How Website Design Differs In Four Corners of the World
Trends in popular web design vary from country to country around the world. It’s fascinating to chart the nuances of different markets and how web designers, both professional and DIY, cater to the local tastes and preferences of their specific geographic audiences.
When it comes to design, a universal truth is that first impressions count. Research has shown that users form opinions about a design of a website in as quickly as 17 milliseconds. Across the board, websites with simpler design were identified as more appealing to users. However, you’ll see that as you move around the world users define “simple design” and “category design” differently, meaning the preferred look in one region may differ from another region.
While there are several more formal scientific studies like Hofstede’s model of cultural dimensions (where different regions are classified according to several societal classifications), I’ve looked at this through a different lens. Our Website Builder tool has a large international user base with support for 53 markets and 26 languages. Across these markets, we’re able to monitor data on website design behavior in aggregate and then see how it plays out when visitors engage with the published content.
Contact with thousands of our customers has also given me the opportunity to see how small businesses and their customers in different countries react to different designs. As an example, when I showed a US website design with all India-localized images and Hindi text to an Indian small business owner, he was immediately able to tell me it didn’t “feel” like an Indian site. But why did it “feel” foreign? What exactly informs that? Let’s explore this phenomenon and how it differs in four major regions around the globe.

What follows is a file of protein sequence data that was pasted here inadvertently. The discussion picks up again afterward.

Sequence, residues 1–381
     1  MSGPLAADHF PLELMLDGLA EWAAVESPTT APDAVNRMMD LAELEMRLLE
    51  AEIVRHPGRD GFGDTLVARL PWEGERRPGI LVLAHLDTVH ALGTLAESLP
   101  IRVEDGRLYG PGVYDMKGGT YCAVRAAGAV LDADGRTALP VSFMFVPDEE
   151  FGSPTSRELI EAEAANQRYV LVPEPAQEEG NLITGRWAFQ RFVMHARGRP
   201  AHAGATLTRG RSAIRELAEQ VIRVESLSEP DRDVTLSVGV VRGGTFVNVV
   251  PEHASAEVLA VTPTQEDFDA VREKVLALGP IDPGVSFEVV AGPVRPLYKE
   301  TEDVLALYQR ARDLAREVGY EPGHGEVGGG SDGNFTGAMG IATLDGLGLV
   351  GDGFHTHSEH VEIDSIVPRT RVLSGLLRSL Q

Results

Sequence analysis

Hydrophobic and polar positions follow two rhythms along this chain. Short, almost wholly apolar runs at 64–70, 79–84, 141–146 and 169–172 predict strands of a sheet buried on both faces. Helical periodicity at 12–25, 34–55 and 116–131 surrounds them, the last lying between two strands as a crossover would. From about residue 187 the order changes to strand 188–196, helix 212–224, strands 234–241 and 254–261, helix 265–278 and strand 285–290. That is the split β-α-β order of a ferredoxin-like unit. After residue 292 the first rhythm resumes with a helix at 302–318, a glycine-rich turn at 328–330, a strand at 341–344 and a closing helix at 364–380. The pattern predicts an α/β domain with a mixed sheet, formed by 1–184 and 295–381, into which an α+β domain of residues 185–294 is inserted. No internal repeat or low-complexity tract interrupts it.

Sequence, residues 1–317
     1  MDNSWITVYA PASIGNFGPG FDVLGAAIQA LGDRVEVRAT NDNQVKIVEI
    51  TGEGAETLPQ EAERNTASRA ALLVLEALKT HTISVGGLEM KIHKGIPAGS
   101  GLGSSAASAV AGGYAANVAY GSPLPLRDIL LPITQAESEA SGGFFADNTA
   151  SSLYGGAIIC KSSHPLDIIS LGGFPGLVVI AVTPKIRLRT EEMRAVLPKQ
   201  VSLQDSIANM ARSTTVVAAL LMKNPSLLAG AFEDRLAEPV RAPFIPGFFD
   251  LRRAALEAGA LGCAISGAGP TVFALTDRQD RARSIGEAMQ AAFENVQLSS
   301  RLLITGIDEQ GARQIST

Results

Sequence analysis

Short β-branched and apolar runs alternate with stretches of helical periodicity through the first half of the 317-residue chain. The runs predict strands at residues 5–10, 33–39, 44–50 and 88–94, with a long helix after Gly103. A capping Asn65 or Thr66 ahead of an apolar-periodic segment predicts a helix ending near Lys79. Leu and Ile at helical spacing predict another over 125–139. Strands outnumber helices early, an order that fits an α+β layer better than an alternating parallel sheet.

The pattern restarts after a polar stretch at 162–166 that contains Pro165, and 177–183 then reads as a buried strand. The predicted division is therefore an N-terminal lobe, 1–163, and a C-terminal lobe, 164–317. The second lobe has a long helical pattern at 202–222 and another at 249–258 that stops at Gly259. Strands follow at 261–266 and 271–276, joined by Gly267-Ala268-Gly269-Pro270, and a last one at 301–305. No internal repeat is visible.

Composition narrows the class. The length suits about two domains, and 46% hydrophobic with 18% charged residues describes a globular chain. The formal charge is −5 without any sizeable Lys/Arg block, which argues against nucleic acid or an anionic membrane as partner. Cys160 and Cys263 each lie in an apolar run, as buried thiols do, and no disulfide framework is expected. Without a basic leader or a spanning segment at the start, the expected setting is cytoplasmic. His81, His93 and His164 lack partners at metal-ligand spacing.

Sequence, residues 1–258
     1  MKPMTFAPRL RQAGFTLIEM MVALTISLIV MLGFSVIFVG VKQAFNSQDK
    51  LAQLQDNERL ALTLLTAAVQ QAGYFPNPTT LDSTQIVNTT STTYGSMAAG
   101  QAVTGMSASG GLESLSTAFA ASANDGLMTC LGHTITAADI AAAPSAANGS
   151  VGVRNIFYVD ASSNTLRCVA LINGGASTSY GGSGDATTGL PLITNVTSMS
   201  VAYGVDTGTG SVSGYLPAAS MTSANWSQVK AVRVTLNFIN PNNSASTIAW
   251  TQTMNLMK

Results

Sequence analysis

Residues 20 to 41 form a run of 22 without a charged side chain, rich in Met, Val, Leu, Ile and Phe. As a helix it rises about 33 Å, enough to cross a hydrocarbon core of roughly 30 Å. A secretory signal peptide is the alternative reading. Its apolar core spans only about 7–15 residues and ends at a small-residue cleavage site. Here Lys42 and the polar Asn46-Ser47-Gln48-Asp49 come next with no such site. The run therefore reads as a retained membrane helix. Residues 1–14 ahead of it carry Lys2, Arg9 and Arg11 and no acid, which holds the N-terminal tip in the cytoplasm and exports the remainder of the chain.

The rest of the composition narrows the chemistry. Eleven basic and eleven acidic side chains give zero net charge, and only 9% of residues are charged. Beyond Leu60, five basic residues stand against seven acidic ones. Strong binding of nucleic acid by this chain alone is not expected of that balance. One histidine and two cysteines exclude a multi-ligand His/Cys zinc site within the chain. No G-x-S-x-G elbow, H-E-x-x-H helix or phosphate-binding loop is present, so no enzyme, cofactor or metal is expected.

My analysis has found that web design in the United States has a high focus on individualism, consisting of frequent pictures of individuals, direct address (“you” vs “we”), personalization features and individual success stories. US websites also tend to have higher color saturation with the same color palette applied throughout the entire website. Typically, in the US, design has become more focused on large sweeping images (check out this coffee cup!) with a clear call-to-action.
As such, design strategy is driven by the desire to get a visitor to perform the right action as quickly as possible, rather than providing traditional long-term engagement with company brand and marketing messaging. In line with this, driving attention towards an action is favored over any potentially distracting content. This can include using geometric shapes, larger borders or even images of people facing in a certain direction to draw the user’s eye towards the call to action.
It’s worth noting that US websites also tend to have a 5-10 year head start on many other countries. This is largely due to the additional time the market has had for the entire UX discipline to grow and flourish. In addition, the best designers from places like India, Brazil, and China yearn to land the higher-paying US clientele, which gives US sites a lead.
Meanwhile, web design in India is more focused on collectivism. This includes images of groups, formal speech, mission statements and opinions on group behavior.